This segment was originally broadcast on Nov. 6, 2005.
The following is a weekly 60 Minutes commentary by CBS News correspondent.
The milk we get from cows has always had a special standing among the foods we eat. Mothers are always saying to kids, "Drink your milk."
So what in the world have they done to this simple and basic food? I'll bet a calf wouldn't drink most of the stuff called milk now sold in cartons. You can't tell some of it from Diet Coke.
The companies that sell milk are upset because people are drinking less milk then they used to and they don't know why. Has it ever occurred to them that people aren't drinking it because milk isn't as good as it used to be?
Rooney picked up some cartons at the milk section of a grocery store: Lowfat Milk, Fat Free Milk, 2 Percent Reduced Fat Milk, Skim Milk.
Before milk was homogenized - that's mixing the cream in with the milk - cream came to the top of your milk bottle. If they took the cream off the top, they skimmed it off. What this ought to be called is not "Skim Milk" but "Skimmed Milk."
Saturated fats are bad for our arteries. We all know that, but do you know how much fat milk has in it as it comes from a cow? About 3.2 percent. So 2 percent is no big reduction.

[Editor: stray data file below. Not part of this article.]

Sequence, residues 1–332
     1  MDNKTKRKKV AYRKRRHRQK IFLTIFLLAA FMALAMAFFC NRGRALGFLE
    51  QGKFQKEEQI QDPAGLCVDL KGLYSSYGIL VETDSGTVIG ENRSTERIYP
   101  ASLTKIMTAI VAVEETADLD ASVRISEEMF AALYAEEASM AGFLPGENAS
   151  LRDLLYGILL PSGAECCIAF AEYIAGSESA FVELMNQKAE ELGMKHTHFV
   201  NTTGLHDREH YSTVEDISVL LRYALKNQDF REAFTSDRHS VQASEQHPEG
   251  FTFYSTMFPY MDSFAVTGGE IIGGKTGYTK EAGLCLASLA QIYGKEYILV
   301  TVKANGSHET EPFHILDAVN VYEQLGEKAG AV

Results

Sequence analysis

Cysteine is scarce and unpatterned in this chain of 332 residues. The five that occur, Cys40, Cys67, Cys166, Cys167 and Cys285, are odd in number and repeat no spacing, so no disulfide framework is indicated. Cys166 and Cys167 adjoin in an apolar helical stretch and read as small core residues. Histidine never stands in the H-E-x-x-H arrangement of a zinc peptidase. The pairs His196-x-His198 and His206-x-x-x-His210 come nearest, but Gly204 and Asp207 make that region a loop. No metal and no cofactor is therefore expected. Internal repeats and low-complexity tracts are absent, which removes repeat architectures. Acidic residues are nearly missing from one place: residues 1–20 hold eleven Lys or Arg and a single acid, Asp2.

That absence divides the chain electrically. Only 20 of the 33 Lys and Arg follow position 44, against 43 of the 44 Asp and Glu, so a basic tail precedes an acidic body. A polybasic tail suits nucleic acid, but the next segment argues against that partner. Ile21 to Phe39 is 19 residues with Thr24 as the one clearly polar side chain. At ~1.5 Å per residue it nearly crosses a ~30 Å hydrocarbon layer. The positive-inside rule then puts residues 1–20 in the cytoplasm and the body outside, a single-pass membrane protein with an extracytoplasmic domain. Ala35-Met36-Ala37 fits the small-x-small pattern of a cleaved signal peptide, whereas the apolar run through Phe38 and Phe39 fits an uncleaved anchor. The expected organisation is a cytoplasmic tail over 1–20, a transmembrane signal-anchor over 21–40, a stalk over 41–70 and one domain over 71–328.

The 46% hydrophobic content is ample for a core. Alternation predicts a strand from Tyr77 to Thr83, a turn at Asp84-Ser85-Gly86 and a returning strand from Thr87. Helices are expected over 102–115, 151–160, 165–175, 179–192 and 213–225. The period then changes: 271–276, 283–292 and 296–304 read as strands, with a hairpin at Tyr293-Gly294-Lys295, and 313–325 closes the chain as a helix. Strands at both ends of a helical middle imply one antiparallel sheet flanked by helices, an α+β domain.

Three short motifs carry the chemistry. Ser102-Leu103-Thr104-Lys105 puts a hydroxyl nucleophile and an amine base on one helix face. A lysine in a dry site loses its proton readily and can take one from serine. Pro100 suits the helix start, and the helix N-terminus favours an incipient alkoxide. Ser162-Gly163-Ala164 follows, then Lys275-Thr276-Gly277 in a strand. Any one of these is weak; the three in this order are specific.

I like half and half on my shredded wheat but when I say "half and half," I mean half milk and half cream. I bought some half and half the other day and I didn't like the taste so I looked at the label to see what it was half of and what the other half was. Listen to these ingredients: "Nonfat milk, milk, corn syrup solids, artificial color, sugar, dipotassium phosphate, sodium citrate mono, and diglycerides, carrageenan, natural and artificial flavors, vitamin A palmitate". This is half and half? It's not half anything I want and it has nothing to do with something as good as milk.
Three and a half percent is what they call Whole Milk. Why don't they just call it milk? Some of this other stuff tastes more like whole water.
They all like to use the words "farm" or "dairy" on their cartons.
One came from Farmland Dairies in Wallington, N.J. We went to Wallington looking for a dairy farm. The address was 520 Main Avenue. At the "farm," there was no cow in sight.
My suggestion, if they want to sell more milk, is that they go back to selling what comes out of a cow.
By Andy Rooney